Two vast private ranches lie just north of Santa Barbara, the path blocked by a locked gate and a guardhouse, with roads patrolled by men in pickups.
But Nick Neely, author of “Coast Range” and a poetry and nonfiction MFA grad, is in the middle of an epic quest: to walk the California Mission route from San Diego to San Francisco. He is following roughly the same 650-mile expedition undertaken by Father John Crespi and Captain Gaspar de Portolá in 1769.
The moon is nearly full along California’s Central Coast. Neely naps a bit, gulps an energy drink and hoists his pack just as the sun winks out. The going feels good as he walks the railroad tracks through the ranches. That is until he hits an 811-foot bridge over a deep and dark canyon. A train going 40 miles per hour could cover that distance in 14 seconds. Neely takes another step.
It’s a rare moment of tension in an otherwise well-mannered and thoughtful book, “Alta California,” which so often showcases Neely’s artful observations.
Such a walk might have felt aimless or undramatic, but whenever a reader’s attention might flag, Neely steers us back to the journals of Crespi, “arguably California’s first writer.” Constantly vibrating at the background of Neely’s journey is his single-minded focus on the original trek and the way he trespasses at night to stay on course.
He is able to deepen his journey by revisiting and considering the injustices at California’s early missions, the way Crespi and his ilk treated Natives, and then the legacy of the architecture and efforts to tame this wild and beautiful coast.
That ghostly 650 miles of the original trek, known as the El Camino Real, is a great way to talk about how much has changed, but it’s also an artful way for Neely to think critically about some of our founding mythologies.
Imagine, he insists, the terror of a Native American woman encountering pale skin for the first time, wondering if it is an anomaly or a disease, and then feeling perplexed at the newcomers’ baptism rituals. “They gesture that they want to trickle water over her daughter,” he writes. “That this will send her to the sky. In this both tender and invasive moment, California begins to tip. The land itself goes through a small rite that honors one culture at the expense of another.”
Neely also is an excellent field guide. For example, he doesn’t just camp under a big tree, but notes that under its canopy the air is cooler, “a palpable microclimate, as if the trees were generating their own breeze. A sycamore,” he adds, “is a phreatophyte or ‘well plant’ with deep roots to tap into what little water there is far below.” He spies a roadrunner, or “chaparral bird,” which he says is a “warrior bird that has retained its dinosaur spirit. It will hide among flowers,” Neely writes, “to snatch a hummingbird out of the air.”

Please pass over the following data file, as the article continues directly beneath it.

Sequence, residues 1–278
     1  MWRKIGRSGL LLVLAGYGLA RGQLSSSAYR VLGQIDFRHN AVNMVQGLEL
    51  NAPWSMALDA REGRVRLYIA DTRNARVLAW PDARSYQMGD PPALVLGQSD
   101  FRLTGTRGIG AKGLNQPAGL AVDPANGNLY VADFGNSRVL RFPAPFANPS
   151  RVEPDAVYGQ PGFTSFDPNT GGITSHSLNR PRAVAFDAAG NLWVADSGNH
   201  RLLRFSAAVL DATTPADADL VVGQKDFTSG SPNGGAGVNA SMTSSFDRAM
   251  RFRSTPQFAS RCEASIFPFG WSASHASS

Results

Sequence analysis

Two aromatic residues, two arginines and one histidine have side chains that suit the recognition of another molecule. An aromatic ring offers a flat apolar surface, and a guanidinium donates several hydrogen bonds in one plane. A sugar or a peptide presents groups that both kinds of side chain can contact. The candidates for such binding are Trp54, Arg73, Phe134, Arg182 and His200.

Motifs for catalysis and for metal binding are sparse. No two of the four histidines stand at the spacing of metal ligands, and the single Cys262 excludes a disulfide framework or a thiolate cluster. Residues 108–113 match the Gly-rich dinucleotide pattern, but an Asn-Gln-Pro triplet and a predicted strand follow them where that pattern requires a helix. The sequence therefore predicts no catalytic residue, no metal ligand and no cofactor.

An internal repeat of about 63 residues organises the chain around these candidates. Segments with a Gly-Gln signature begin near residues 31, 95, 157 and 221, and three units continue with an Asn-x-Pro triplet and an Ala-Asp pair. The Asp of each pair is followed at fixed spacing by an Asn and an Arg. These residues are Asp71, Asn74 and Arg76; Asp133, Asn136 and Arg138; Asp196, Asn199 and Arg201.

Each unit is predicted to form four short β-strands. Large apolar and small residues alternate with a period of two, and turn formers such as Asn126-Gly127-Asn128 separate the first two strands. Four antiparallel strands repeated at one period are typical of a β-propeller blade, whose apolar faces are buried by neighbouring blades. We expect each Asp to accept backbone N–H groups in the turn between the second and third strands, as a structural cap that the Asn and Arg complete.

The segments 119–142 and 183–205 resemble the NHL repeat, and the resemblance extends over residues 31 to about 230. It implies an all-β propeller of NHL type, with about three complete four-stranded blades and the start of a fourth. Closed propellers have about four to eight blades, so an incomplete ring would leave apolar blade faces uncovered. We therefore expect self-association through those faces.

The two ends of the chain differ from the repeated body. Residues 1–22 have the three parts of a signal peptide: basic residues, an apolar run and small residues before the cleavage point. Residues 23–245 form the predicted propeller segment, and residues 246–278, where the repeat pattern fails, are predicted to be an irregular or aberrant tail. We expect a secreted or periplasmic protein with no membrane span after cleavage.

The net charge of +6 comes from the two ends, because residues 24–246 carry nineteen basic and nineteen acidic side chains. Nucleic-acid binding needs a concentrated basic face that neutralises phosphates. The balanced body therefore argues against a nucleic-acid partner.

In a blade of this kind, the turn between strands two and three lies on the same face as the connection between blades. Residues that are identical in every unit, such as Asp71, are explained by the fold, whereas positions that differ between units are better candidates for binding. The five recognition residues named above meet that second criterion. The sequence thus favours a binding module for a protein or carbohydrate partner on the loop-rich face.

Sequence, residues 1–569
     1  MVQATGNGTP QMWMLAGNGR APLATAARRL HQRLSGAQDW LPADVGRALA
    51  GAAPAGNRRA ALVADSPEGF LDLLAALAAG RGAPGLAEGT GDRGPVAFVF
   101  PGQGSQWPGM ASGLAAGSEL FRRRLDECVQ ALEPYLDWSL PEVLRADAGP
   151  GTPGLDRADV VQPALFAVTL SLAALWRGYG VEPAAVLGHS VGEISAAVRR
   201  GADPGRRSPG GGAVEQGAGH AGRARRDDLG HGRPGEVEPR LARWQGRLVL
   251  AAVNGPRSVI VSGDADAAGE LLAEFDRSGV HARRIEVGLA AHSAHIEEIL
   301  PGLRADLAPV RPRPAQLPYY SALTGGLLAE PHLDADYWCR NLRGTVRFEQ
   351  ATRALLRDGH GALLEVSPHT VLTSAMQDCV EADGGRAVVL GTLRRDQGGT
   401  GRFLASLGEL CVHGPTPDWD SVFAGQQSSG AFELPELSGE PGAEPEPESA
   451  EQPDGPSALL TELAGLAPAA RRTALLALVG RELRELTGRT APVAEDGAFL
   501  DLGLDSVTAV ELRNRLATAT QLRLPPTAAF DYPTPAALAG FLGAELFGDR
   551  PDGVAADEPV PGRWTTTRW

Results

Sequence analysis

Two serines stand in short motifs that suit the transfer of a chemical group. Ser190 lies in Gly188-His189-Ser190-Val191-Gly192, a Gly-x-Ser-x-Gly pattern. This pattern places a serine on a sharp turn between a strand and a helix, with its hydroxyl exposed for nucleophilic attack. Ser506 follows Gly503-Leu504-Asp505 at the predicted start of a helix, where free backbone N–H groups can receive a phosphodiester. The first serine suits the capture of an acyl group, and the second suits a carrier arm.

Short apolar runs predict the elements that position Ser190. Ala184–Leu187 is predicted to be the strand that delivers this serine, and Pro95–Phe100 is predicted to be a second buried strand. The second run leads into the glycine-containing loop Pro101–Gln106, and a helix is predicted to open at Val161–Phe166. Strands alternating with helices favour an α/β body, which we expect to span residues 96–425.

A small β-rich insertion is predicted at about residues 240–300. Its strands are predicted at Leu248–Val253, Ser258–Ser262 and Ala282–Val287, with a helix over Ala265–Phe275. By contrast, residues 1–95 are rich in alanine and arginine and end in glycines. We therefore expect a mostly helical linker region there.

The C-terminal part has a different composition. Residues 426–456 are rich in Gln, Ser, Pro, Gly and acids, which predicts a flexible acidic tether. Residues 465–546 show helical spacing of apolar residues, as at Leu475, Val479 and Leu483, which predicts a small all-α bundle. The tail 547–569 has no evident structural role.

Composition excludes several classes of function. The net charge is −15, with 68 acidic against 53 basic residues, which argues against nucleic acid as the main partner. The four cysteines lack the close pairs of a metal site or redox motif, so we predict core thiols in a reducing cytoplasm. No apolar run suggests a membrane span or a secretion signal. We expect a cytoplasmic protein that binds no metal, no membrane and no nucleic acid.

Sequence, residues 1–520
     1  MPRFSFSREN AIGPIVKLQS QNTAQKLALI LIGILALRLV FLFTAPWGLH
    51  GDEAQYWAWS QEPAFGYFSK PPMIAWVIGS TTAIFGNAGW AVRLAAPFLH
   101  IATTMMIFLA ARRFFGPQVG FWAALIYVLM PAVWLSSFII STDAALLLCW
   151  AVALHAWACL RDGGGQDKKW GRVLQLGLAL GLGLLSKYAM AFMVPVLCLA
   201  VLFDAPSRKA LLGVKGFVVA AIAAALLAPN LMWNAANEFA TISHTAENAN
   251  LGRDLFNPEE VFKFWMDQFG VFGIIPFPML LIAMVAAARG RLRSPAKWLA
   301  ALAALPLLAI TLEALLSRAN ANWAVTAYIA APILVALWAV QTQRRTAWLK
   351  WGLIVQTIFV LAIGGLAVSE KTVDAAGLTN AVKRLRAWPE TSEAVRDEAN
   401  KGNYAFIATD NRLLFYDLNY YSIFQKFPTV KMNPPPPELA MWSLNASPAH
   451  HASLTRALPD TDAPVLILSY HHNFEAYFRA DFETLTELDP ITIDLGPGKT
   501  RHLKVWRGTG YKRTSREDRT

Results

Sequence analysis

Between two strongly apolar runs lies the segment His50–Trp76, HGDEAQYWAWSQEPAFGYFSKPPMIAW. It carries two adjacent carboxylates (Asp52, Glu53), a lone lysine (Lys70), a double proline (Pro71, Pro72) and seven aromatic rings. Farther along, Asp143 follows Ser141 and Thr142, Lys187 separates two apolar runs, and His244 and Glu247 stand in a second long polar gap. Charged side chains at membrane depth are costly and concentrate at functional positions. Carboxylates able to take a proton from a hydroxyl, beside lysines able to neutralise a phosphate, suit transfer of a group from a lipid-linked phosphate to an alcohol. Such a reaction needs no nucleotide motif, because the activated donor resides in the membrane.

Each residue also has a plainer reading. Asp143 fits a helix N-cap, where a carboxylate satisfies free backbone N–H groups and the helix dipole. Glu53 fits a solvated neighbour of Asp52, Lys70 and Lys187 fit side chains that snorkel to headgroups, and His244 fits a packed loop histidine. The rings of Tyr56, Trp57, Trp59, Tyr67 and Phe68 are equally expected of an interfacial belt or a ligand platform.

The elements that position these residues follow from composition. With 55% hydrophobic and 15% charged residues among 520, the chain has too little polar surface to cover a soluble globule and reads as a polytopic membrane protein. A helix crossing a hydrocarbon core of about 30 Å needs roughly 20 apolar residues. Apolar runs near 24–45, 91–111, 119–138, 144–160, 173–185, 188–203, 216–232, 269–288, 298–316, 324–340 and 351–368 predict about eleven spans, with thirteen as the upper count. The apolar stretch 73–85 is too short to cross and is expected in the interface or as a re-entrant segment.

He is, moreover, a thoughtful observer of people in public, the way we live and the way we work, and the decisions we’ve made about how to manage our land, the so-called “built California” he’s spending months traversing. After all, Neely’s project isn’t to walk the Pacific Crest Trail — the kind of terrain he calls “an escape from our reality and layers of history” — but a webbing of official paths, railroad crossings, private property and roadsides. Or, in Neely’s words, “where we actually live.”
Neely waxes poetic about the browns of Southern California: “The hills the color of a cougar … Dirty blond and rosy brown, invasive khaki, coffee with milk, the rusty umber of California buckwheat, potato skin to the horizon.”
Elsewhere: “Brown pelicans soared low, classic, in formation until each peeled off from their V, one by one,” he writes. “Parents,” he continues, “were doing their honest best to defend their kid’s skin with mist of spray-on sunscreen ... On Oceanside pier, which stretches nearly two thousand feet into the Pacific, a fisher in a hoodie sat on a pail eating a dripping mango as he waited for sand shark.”
This fine, enjoyable book doesn’t necessarily offer some grand new theory, other than the immensely rewarding experience of undertaking a difficult journey, and doing so with the distant past in mind. When our guide reaches the end, greeted by his family, a reader might savor a touching detail: His mom lights candles to guide his final steps into the family’s Bay Area driveway.
Which shoes should you wear on a trip like this? “What you’re used to is what is comfortable,” Neely says.
By Nick Neely
Counterpoint: 432 pages, $26
Deuel is the author of “Friday Was the Bomb: Five Years in the Middle East.”